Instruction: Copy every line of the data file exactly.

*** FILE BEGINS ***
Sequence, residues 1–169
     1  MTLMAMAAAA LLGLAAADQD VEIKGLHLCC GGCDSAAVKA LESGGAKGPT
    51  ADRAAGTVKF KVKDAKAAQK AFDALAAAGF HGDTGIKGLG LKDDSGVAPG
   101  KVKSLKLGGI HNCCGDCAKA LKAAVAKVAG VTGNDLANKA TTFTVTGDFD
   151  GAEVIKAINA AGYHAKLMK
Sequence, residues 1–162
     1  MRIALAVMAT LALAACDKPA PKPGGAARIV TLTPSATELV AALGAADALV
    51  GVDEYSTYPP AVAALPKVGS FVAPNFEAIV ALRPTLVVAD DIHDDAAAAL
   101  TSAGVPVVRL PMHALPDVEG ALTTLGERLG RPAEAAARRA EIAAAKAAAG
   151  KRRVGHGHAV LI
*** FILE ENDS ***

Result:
Sequence, residues 1–169
     1  MTLMAMAAAA LLGLAAADQD VEIKGLHLCC GGCDSAAVKA LESGGAKGPT
    51  ADRAAGTVKF KVKDAKAAQK AFDALAAAGF HGDTGIKGLG LKDDSGVAPG
   101  KVKSLKLGGI HNCCGDCAKA LKAAVAKVAG VTGNDLANKA TTFTVTGDFD
   151  GAEVIKAINA AGYHAKLMK
Sequence, residues 1–162
     1  MRIALAVMAT LALAACDKPA PKPGGAARIV TLTPSATELV AALGAADALV
    51  GVDEYSTYPP AVAALPKVGS FVAPNFEAIV ALRPTLVVAD DIHDDAAAAL
   101  TSAGVPVVRL PMHALPDVEG ALTTLGERLG RPAEAAARRA EIAAAKAAAG
   151  KRRVGHGHAV LI